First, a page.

As an example, when I injured my back getting rear ended last year I went to a chiropractor. The remedies were ice, massage, electro-stimulation of the muscles, mechanical traction and spinal adjustments, all adjusted to my pain and inflammation level. Three months later I was completely cured and I was able to work the entire time. Conventional medicine would have been much more risky with prescription drugs and a possible operation.

The method of presenting medical evidence on this website could conceivably do more harm than good.

Moving over to the paranormal section, the people who were collecting evidence were clearly stretching in some cases. Here are a couple of the more questionable calls:

Rachel and her friends decided to go ghost hunting near a local haunted house. They didn’t realize the owner of the house did not like visitors, and owned a gun. She ended up with a gunshot to the head and a long hospital stay.

A man believed his father’s ghost came to him in a dream and told him to kill 70 women so he could have magical powers. Belief in sorcery is widespread in Indonesia, and he used that to lure women to their deaths. He was executed in July 2008.

The message seems to be don’t believe in ghosts or you might get shot or become criminally insane. Most of examples were property disputes over haunted houses.

In the psychic section, many of the cases are about fraud, which is not about psychics, but rather people claiming to be psychics for the purpose of committing fraud. If we applied the same standard elsewhere, we would believe that all building contractors were harmful because frauds, posing as building contractors had bilked people of their money. Should we come to the conclusion that we should never build anything ever again?

They are pulling these cases from all over the western world with a potential pool of about 3 billion people. Again, we run into the same problem as with medical situations. It is just a worse case list with no sense of perspective. What about people whose lives were saved or improved by visiting a psychic. It DOES happen occasionally. As with all things in life, we have to do a risk assessment. How dangerous is this versus how much potential good it might do. By merely looking at all the possible harm, they are taking a very one sided approach which is not entirely helpful.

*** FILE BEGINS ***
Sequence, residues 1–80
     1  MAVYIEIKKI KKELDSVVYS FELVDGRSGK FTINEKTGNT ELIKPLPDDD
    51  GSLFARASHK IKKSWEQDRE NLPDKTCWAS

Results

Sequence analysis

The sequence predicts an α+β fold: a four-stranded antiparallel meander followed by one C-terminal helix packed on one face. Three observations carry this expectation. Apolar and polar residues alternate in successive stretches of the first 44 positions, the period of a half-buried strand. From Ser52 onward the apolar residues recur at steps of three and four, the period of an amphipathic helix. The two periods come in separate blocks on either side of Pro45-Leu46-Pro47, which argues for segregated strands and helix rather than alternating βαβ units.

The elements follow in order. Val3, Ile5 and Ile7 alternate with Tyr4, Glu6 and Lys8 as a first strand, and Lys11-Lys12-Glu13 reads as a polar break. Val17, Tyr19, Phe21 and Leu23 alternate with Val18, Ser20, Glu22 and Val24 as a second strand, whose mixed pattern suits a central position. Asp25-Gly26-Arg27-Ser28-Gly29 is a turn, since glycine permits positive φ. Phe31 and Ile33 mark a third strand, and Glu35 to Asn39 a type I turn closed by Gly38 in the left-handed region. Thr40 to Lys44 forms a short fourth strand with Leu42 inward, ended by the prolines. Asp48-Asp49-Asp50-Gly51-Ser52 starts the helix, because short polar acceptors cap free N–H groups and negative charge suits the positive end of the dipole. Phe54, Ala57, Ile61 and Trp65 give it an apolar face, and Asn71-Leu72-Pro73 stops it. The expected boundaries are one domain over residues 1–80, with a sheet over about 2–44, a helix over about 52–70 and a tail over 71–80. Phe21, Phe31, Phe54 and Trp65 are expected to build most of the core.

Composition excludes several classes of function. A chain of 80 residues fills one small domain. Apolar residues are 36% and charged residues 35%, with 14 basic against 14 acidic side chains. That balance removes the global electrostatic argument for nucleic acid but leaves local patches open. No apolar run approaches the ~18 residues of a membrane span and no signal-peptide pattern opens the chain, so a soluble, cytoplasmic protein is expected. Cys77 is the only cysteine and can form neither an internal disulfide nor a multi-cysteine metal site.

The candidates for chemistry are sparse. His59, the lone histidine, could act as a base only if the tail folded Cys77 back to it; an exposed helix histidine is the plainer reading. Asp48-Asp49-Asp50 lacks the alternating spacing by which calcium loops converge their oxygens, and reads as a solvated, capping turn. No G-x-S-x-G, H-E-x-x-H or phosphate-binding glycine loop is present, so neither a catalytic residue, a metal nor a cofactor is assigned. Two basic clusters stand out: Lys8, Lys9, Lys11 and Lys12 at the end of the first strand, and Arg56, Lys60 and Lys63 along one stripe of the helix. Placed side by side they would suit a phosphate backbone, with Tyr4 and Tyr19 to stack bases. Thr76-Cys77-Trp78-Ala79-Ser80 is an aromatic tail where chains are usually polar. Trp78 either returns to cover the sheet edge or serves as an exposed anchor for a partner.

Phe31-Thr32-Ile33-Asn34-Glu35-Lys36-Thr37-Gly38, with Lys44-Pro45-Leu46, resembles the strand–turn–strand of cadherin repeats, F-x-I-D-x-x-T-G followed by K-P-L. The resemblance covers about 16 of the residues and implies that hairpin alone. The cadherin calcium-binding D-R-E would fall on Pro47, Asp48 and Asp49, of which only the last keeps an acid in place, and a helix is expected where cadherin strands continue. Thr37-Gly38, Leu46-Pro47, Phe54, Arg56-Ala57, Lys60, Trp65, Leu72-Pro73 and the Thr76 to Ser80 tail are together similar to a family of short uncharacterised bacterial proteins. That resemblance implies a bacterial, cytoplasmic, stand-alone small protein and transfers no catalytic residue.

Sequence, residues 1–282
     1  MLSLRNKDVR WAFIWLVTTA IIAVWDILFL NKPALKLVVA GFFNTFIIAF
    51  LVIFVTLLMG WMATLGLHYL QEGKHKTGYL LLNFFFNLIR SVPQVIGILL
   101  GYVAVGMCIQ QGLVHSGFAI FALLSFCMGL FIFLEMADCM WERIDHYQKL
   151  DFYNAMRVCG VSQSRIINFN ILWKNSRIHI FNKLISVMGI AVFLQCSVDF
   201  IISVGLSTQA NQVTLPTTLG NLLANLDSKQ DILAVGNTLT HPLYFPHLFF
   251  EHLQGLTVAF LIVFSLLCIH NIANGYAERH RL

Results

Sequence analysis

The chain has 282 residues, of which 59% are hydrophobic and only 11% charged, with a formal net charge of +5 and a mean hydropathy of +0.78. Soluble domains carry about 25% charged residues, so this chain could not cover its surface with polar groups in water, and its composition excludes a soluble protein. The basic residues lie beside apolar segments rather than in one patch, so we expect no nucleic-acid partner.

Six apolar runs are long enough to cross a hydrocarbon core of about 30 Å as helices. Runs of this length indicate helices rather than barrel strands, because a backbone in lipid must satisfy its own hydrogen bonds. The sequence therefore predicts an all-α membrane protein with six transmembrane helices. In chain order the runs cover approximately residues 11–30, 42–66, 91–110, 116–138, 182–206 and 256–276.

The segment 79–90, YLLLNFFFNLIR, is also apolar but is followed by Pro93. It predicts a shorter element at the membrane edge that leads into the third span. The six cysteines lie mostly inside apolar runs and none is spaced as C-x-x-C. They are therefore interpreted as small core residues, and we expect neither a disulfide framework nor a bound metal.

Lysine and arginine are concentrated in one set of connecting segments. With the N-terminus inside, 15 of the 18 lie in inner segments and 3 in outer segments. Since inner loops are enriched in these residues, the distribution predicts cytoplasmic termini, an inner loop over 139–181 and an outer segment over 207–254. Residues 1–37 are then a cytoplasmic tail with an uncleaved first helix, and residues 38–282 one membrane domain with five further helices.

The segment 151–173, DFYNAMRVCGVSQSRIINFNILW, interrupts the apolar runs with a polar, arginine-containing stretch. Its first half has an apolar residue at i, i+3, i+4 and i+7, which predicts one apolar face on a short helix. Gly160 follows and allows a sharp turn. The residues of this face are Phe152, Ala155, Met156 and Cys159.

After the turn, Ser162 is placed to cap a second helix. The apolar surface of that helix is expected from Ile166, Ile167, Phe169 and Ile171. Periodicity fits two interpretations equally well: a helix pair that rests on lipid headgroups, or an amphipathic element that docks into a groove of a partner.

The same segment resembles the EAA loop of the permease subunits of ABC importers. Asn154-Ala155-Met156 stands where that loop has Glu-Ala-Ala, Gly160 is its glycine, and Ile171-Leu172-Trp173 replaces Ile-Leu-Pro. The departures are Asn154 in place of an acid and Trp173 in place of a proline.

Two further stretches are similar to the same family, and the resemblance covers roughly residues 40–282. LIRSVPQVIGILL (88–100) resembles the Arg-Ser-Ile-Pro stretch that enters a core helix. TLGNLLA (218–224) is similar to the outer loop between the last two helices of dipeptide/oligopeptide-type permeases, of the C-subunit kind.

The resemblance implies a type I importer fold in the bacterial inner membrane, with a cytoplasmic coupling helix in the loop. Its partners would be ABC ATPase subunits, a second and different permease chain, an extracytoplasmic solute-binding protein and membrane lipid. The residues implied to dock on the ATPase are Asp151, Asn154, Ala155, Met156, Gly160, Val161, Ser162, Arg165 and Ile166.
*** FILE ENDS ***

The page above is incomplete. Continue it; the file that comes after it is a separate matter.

But I do see potential harm from this site with how they deal with witchcraft. Most of the examples are third world or some backwater in India and involve violence. The lone U.S. example was from people who thought doctors practiced witchcraft and let their son die of wasp stings. This gives an incredibly distorted view of witchcraft which could prove dangerous to people who practice Wicca. The objective of the site, I’m sure, is not to foment panic over an obscure and harmless religion that is even accepted by the U.S. armed forces, but that is what can happen when people misinterpret propaganda style information like this.

It also seems that some things have been piled on this site that don’t really belong: To wit: Expert witnesses, gps navigation systems, IRS denials, internet misinformation, rituals and multi-level marketing. These all involve things that we have to live with, but have no choice but to take the bad with the good.

The overall intent of the site seems to be simply to belittle the targeted areas and to scrape together as many categories of deaths, lost money and injuries as possible. And this is a shame because tucked into the site in various areas there is some important information. Acupuncture is not totally harmless and under the wrong conditions can be harmful. And another example is to stay the hell away from ear candles.

But it is not fair for example, to lump Jehovah’s Witnesses and Christian Scientists together with those suicidal whackjobs known as breatharians. I don’t agree with their beliefs regarding conventional medicine but it’s not in the same league as believing you can live on just air.

The same goes for mainstream chiropractic care being lumped in with medically dangerous ear candling, colon cleansing and life threatening detoxification programs. If the creators of this site had just shown some restraint and given this whole idea a little thought beyond, “how can we make this stuff look as bad as possible” the site might have actually been useful. As it stands it’s just a crude club for extreme skeptics.